La Haine follows a day in the lives of Vinz, Saïd, and Hubert, three friends of Jewish, Arab, and African origins living in the housing projects a bit outside of Paris. After their friend Abdel is brutalized into a coma by the police, Vinz riots with the rest of the neighborhood, finds a police officer’s gun, and keeps in order to “get revenge.” The movie opens to some overlong footage of rioting while KRS-One’s “Sound Of Da Police” ridiculously plays in the background – Kassovitz really wanted to set the film against a hip-hop backdrop, even if, apparently, the clunky and obvious song choices make the artistry all the worse for it. But, La Haine is also “socially aware,” and what better way to express that idea than to shift to Bob Marley’s “Burning And Looting” for the remainder of the riot? Again, I don’t see how the director failed to mark the obviousness of these audio choices and, even worse, failed to amend them. Thus, just a few minutes in, we already get the basic problems that will plague the film’s remainder, which is especially frustrating given the (very) few “high” moments here.… Continue reading →

Review Of David Ridgen’s & Nicolas Rossier’s “American Radical,” On Political Critic Norman Finkelstein

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“You don’t know what Norman Finkelstein is. He’s poison. He’s a disgusting  self-hating Jew. He’s something you find under a rock.” – Leon Wieseltier

“It takes an enormous amount of academic courage to speak the truth. Those who in the end are proven right triumph, and he will be among those who will have triumphed.” – Raul Hilberg

“You know the famous joke? A journalist goes around and asks a Russian, a Pole, and an Israeli the same question. He first goes to the Russian: ‘Excuse me, what’s your opinion on the meat shortage?’ The Russian says: ‘What’s an opinion?’ The reporter then goes to the Pole: ‘Excuse me, but what do you think of the meat shortage?’ The Pole goes: ‘What’s meat?’ He then goes to the Israeli: ‘Excuse me. What’s your opinion on the meat shortage?’ The Israeli replies: ‘What’s “excuse me”?’” – Norman Finkelstein

This joke introduces American Radical, a documentary by David Ridgen and Nicolas Rossier, and in many ways defines both the film and the man within. It is pitch-black, and one only hears Finkelstein, who eventually fades in, inflecting and de-emphasizing select words, offering the right pauses, then ending it all on a smirk. It is not an arrogant smirk, nor is it a happy one. Rather, it is melancholy. Bitter. For a man whose work –  despite claims – is so rational and un-emotive, this is one of the few places where emotion has an outlet. Bergman once said: “I could always live in my art, but never in my life.” By contrast, Finkelstein lives in his work – plodding, mechanic, in the best sense of such words – and bleeds in his life.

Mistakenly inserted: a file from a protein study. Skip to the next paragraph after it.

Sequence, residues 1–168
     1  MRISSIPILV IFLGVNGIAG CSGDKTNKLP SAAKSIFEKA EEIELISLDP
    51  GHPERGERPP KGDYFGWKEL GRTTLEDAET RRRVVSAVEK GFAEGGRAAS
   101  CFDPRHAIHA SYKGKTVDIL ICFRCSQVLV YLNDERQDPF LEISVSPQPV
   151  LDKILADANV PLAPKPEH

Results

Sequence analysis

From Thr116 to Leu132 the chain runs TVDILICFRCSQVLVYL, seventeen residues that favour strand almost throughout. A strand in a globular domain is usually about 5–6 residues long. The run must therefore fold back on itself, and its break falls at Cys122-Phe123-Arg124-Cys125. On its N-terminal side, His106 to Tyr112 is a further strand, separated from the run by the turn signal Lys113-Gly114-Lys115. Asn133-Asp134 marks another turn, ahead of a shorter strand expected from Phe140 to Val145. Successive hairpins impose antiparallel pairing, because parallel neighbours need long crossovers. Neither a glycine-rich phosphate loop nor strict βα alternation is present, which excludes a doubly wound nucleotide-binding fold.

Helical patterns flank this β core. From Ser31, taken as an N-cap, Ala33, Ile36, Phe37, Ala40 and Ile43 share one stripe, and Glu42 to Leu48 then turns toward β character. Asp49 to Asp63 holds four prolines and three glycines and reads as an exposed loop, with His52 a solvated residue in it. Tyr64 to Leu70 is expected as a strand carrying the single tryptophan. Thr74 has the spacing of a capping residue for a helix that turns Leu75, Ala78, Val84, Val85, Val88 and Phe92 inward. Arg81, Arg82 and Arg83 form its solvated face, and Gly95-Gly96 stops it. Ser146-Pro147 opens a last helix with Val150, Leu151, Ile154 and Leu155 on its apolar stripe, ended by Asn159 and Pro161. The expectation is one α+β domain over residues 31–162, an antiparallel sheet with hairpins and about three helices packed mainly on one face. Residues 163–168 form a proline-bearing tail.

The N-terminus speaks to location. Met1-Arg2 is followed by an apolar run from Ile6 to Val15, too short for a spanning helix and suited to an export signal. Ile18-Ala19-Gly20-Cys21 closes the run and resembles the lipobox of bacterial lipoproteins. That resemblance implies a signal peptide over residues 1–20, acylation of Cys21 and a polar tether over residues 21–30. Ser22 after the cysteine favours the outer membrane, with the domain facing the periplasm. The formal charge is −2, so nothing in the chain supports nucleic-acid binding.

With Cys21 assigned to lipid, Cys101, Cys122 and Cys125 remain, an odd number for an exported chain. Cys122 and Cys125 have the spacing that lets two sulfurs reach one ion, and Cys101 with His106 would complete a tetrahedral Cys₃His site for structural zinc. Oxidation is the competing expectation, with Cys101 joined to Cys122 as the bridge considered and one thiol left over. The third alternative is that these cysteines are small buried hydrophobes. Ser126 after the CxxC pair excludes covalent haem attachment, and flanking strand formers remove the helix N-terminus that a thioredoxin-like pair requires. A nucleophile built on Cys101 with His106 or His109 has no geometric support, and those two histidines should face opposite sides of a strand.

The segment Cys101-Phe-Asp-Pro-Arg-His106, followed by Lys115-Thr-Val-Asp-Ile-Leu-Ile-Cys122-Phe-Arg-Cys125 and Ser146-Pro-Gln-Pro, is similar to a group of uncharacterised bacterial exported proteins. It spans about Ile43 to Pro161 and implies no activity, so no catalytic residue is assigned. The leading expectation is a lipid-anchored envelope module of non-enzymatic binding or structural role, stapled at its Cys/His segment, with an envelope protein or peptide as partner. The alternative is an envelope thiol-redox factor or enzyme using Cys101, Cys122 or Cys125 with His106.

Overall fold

Prior to going any further, I must write that I’m slightly acquainted with the subject of this documentary. I’ve met Norman Finkelstein on a few occasions, had an e-mail correspondence, and even spent a few hours at his apartment, having grown up in the same neighborhood (albeit forty years apart). I am both an admirer of his work, as well as intrigued – for better or worse – by the man, himself, as it is his plight, rather than his accomplishments, which might interest future generations when the Israel-Palestine Conflict is merely yet another name, another time, like so many others that have come and go, and will continue to do so for as long as we’re recognizably human.

Finkelstein is Jewish and the son of Holocaust survivors who participated in the Warsaw Ghetto Uprising. They eventually moved to New York, where Finkelstein was born, and taught him the sense of justice that he credits for his work. First coming to prominence in the early 1980s, Finkelstein exposed the hoax that is Joan Peters’ From Time Immemorial, a then-popular book which argued Palestinians had little to do with Palestine, but rather had fabricated themselves into its history. This drew the ire and respect of scholars, readers, and wackos of all stripes. Yet it was nothing compared … Continue reading →